The state will start enforcing stricter regulations on the tow truck industry at the beginning of next year.
About 30 local tow truck owners and drivers met Friday with Benjamin Foster, the executive
director of the Board of Towing and Recovery Operators, and representatives of the Virginia Association of Towing and Recovery Operators’ Roanoke Chapter to discuss upcoming regulations to their ndustry.
Tommy Woods, vice president of VATRO, said the meeting, which was held at the Blairs Volunteer Fire Department, was called because of speculation, rumor and misinformation running through the industry about regulations due to go into effect on Jan. 1.
Woods and Robert Young, the director of the state association, said the regulations are being set up in two phases: general towing regulations and public safety towing regulations.
It is only the general towing regulations that will be put into effect in January, with public safety towing regulations following in 2010.
Foster said the laws regulating the industry and the decision to start a regulatory board came from legislators who said they got too many complaints from constituents unhappy with the service they received from some towing companies.
As a result, the Board of Towing and Recovery Operators was created in 2006 to begin the lengthy process of regulating the industry, Foster said.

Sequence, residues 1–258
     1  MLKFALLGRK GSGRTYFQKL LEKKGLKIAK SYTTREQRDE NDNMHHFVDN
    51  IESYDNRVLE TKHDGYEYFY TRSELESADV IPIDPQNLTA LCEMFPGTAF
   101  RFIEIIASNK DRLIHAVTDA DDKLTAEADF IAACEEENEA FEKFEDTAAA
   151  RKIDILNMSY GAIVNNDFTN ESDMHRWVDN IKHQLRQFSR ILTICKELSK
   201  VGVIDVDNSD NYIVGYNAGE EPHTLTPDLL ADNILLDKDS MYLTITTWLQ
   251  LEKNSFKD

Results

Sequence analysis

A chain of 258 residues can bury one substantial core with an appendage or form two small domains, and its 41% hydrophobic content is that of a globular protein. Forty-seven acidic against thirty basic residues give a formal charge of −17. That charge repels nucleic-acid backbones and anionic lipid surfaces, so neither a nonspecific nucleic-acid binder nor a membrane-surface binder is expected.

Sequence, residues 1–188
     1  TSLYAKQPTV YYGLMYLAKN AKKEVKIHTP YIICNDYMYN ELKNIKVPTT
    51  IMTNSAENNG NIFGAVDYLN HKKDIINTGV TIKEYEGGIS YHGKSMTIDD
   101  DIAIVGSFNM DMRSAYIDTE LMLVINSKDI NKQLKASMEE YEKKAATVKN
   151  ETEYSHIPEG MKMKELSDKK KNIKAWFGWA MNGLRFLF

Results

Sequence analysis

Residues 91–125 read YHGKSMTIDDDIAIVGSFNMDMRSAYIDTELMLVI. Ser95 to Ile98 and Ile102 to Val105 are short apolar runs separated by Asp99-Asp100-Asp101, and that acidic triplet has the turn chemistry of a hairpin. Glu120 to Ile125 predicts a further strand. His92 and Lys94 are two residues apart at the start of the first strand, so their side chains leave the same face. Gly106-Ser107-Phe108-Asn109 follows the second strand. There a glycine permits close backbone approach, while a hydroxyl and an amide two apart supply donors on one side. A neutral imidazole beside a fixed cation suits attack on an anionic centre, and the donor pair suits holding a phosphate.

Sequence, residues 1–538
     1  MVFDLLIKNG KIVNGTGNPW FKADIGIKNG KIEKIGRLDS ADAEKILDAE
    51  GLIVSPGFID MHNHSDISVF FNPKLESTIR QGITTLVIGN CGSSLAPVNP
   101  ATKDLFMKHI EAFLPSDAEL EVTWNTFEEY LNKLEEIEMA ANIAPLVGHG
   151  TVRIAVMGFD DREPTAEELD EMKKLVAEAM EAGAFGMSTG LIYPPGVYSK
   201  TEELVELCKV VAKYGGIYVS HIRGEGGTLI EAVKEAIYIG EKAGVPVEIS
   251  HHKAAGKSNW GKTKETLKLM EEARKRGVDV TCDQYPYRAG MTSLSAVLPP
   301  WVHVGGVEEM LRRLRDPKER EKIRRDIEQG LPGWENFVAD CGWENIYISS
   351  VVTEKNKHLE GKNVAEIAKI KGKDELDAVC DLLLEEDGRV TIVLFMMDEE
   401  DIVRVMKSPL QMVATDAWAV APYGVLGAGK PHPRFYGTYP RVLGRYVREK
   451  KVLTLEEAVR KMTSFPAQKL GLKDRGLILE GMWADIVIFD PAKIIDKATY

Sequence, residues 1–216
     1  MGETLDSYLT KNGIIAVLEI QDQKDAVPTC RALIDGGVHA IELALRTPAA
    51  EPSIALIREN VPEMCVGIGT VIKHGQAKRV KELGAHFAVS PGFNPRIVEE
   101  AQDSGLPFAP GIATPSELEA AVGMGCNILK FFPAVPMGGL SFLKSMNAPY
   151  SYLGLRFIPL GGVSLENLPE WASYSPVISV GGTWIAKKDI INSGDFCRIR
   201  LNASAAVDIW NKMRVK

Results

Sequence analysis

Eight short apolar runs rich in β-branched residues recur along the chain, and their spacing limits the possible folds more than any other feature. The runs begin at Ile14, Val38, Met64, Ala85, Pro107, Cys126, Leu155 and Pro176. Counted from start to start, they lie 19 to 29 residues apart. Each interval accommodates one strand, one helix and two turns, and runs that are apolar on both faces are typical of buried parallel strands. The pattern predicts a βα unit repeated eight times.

Young said the regulations will help to make the industry more respected, but admits many tow truck operators are not pleased about being regulated at all.
“Do we all like what they’re doing? Absolutely not,” he said.
In January, all tow truck companies will have to be registered with the state and have decals on their trucks that show what class of towing the trucks are allowed.
All drivers will have to be fingerprinted and have background checks done, and have special authorization cards that allow them to provide towing services.
Fee schedules have not been set, Foster said, adding he expects new required decals to cost $5 to $10 per tow truck and registration fees to run between $250 and $500 a year, depending on the number of tow trucks each operator owns.
Foster said the general regulations would be finalized by October, which would give operators and drivers plenty of time to comply with the new rules by the first of the year.
Operators and drivers are being urged to contact the regulation agency to get added to its mailing list. In addition, Foster can be reached at (804) 367-0714 or by email at BTRO@btro.virignia.gov.
Not knowing about the changes in regulations will not exempt an operator or driver from disciplinary action, such as fines or the loss of their license, once the rules go into effect on Jan. 1.
Contact Denice Thibodeau at email@example.com or (434) 791-7985.